Running not only for her own life, but that of her unborn baby, Serenah moves across the country to a little town outside of Spokane Washington called Newport. It’s here she’ll begin to build a new life and go by a different name in the hopes of staying hidden from her abusive husband John. Can Serenah find happiness in her new life? Or will the past eventually catch up to her? From the best-selling Inspirational Christian Romance Author T.K. Chapin comes a story of love, faith and passion that will keep your fingers turning the page to see what happens next. One Thursday Morning is book one in the Diamond Lake Series by T.K. Chapin.
Targeted Age Group:: 18 and above
What Inspired You to Write Your Book?
God inspired me. He gets all the credit and without him this story and the ones after it in the series wouldn't be possible. The setting for this book came to my mind after visiting my aunt's inn on Diamond Lake in Washington. I include pictures of the actual inn on my site.
How Did You Come up With Your Characters?
Almost all of the characters in my books are modeled after people I know or have met in my life. For example, in this book Emma is modeled after my grandmother, she was always willing to listen and give spiritual advice.
To love and be loved—it was all I ever wanted. Nobody could ever convince me John was a bad man. He made me feel loved when I did not know what love was. I was his and he was mine. It was perfect . . . or at least, I thought it was.
I cannot pinpoint why everything changed in our lives, but it did—and for the worst. My protector, my savior, and my whole world came crashing down like a heavy spring downpour. The first time he struck me, I remember thinking it was just an accident. He had been drinking earlier in the day with his friends and came stumbling home late that night. The lights were low throughout the house because I had already gone to bed. I remember hearing the car pull up outside in the driveway. Leaping to my feet, I came rushing downstairs and through the kitchen to greet him. He swung, which I thought at the time was because I startled him, and the back side of his hand caught my cheek.
I should have known it wasn’t an accident.
The second time was no accident at all, and I knew it. After a heavy night of drinking the night his father died, he came to the study where I was reading. Like a hunter looking for his prey, he came up behind me to the couch. Grabbing the back of my head and digging his fingers into my hair, he kinked my neck over the couch and asked me why I hadn’t been faithful to him. I had no idea what he was talking about, so out of sheer fear, I began to cry. John took that as a sign of guilt and backhanded me across the face. It was hard enough to leave a bruise the following day. I stayed with him anyway. I’d put a little extra makeup on around my eyes or anywhere else when marks were left. I didn’t stay because I was stupid, but because I loved him. I kept telling myself that our love could get us through this. The night of his father’s death, I blamed his outburst on the loss of his father. It was too much for him to handle, and he was just letting out steam. I swore to love him through the good times and the bad. This was just one of the bad times.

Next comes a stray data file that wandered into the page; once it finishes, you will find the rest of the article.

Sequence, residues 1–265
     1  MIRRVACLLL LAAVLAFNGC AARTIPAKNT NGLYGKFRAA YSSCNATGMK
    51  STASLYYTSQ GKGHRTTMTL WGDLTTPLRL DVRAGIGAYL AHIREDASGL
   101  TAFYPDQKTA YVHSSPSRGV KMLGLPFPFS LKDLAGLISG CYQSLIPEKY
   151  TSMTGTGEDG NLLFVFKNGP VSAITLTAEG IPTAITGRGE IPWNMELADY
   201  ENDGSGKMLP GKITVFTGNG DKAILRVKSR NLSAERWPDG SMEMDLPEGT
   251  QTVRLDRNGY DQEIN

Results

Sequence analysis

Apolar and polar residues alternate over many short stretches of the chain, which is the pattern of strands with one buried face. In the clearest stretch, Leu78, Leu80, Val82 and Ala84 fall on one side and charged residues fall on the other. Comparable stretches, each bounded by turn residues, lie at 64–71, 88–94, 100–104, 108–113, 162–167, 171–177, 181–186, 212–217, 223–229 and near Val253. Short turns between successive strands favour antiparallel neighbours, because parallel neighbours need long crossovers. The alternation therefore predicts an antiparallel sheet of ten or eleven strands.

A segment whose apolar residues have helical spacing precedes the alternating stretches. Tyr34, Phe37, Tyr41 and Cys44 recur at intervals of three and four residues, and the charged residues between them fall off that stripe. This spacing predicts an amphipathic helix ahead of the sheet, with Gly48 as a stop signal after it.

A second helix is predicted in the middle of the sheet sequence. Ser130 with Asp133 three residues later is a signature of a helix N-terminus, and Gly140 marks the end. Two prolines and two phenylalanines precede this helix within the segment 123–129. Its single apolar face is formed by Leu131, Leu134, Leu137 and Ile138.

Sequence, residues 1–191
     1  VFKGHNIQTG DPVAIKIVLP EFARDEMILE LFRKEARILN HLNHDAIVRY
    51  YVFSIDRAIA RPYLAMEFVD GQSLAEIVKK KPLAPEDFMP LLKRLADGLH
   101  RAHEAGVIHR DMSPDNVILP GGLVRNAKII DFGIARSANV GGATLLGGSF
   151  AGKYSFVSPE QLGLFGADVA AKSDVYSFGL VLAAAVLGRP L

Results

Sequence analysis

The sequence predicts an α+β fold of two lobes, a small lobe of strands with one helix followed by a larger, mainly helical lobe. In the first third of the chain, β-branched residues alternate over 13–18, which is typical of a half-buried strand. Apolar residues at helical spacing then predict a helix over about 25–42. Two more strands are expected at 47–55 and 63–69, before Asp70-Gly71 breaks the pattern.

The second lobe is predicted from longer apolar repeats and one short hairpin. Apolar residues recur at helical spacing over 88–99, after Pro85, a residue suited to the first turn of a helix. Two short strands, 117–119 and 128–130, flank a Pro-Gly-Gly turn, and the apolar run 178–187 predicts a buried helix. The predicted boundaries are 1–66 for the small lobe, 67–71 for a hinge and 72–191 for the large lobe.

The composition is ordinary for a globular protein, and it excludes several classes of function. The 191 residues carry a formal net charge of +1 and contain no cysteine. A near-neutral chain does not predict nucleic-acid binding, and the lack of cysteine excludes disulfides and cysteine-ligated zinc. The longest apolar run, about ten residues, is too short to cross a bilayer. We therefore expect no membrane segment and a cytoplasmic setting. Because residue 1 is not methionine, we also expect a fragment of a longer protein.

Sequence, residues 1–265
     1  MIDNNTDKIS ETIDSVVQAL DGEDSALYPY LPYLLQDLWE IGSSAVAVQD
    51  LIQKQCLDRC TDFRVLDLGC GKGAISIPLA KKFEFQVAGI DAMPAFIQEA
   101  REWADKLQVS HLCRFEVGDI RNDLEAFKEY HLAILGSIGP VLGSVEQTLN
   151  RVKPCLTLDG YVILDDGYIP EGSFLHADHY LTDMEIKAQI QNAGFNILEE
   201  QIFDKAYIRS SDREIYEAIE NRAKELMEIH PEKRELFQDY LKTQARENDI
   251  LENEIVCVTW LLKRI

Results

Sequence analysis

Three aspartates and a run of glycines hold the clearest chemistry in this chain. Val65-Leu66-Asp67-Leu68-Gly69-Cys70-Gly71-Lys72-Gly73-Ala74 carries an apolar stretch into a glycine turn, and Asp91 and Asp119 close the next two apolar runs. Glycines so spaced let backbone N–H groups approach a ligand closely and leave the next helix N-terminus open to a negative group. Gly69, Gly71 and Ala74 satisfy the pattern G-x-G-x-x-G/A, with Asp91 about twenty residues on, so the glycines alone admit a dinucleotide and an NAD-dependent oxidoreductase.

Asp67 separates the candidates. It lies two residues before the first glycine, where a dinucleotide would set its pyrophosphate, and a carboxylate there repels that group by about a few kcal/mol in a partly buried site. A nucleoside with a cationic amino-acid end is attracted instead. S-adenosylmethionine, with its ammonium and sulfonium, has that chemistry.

Each time he’d hit me, I’d come up with a reason or excuse for the behavior. There was always a reason, at least in my mind, as to why John hit me. Then one time, after a really bad injury, I sought help from my mother before she passed away. The closest thing to a saint on earth, she dealt with my father’s abuse for decades before he died. She was a devout Christian, but a warped idea of love plagued my mother her entire life. She told me, ‘What therefore God hath joined together, let not man put asunder.’ That one piece of advice she gave me months before passing made me suffer through a marriage with John for another five trying years.
Each day with John as a husband was a day full of prayer. I would pray for him not to drink, and sometimes, he didn’t—those were the days I felt God had listened to my pleas. On the days he came home drunk and swinging, I felt alone, like God had left me to die by my husband’s hands. Fear was a cornerstone of our relationship, in my eyes, and I hated it. As the years piled onto one another, I began to deal with two entirely different people when it came to John. There was the John who would give me everything I need in life and bring flowers home on the days he was sober, and then there was John, the drunk, who would bring insults and injury instead of flowers.
I knew something needed to desperately change in my life, but I didn’t have the courage. Then one day, it all changed when two little pink lines told me to run and never look back.
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